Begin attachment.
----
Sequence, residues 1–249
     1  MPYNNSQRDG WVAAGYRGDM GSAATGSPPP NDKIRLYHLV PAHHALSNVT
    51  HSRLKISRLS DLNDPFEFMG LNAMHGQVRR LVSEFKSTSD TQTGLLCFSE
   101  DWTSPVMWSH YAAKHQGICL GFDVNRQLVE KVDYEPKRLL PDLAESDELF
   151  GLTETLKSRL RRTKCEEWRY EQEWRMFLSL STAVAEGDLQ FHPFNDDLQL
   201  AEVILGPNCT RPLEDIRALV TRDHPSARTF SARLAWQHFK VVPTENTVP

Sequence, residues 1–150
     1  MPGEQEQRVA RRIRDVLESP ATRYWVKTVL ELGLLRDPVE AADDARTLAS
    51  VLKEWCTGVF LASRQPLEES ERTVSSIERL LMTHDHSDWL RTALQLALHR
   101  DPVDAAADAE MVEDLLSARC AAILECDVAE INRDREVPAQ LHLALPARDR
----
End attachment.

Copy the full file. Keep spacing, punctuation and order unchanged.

Sequence, residues 1–249
     1  MPYNNSQRDG WVAAGYRGDM GSAATGSPPP NDKIRLYHLV PAHHALSNVT
    51  HSRLKISRLS DLNDPFEFMG LNAMHGQVRR LVSEFKSTSD TQTGLLCFSE
   101  DWTSPVMWSH YAAKHQGICL GFDVNRQLVE KVDYEPKRLL PDLAESDELF
   151  GLTETLKSRL RRTKCEEWRY EQEWRMFLSL STAVAEGDLQ FHPFNDDLQL
   201  AEVILGPNCT RPLEDIRALV TRDHPSARTF SARLAWQHFK VVPTENTVP

Sequence, residues 1–150
     1  MPGEQEQRVA RRIRDVLESP ATRYWVKTVL ELGLLRDPVE AADDARTLAS
    51  VLKEWCTGVF LASRQPLEES ERTVSSIERL LMTHDHSDWL RTALQLALHR
   101  DPVDAAADAE MVEDLLSARC AAILECDVAE INRDREVPAQ LHLALPARDR